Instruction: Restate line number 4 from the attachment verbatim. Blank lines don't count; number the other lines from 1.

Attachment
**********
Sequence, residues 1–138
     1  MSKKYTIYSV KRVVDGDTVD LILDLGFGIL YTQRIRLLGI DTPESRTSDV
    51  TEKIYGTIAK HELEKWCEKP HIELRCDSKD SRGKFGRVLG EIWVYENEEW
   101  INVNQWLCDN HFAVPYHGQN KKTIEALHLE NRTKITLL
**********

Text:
   101  INVNQWLCDN HFAVPYHGQN KKTIEALHLE NRTKITLL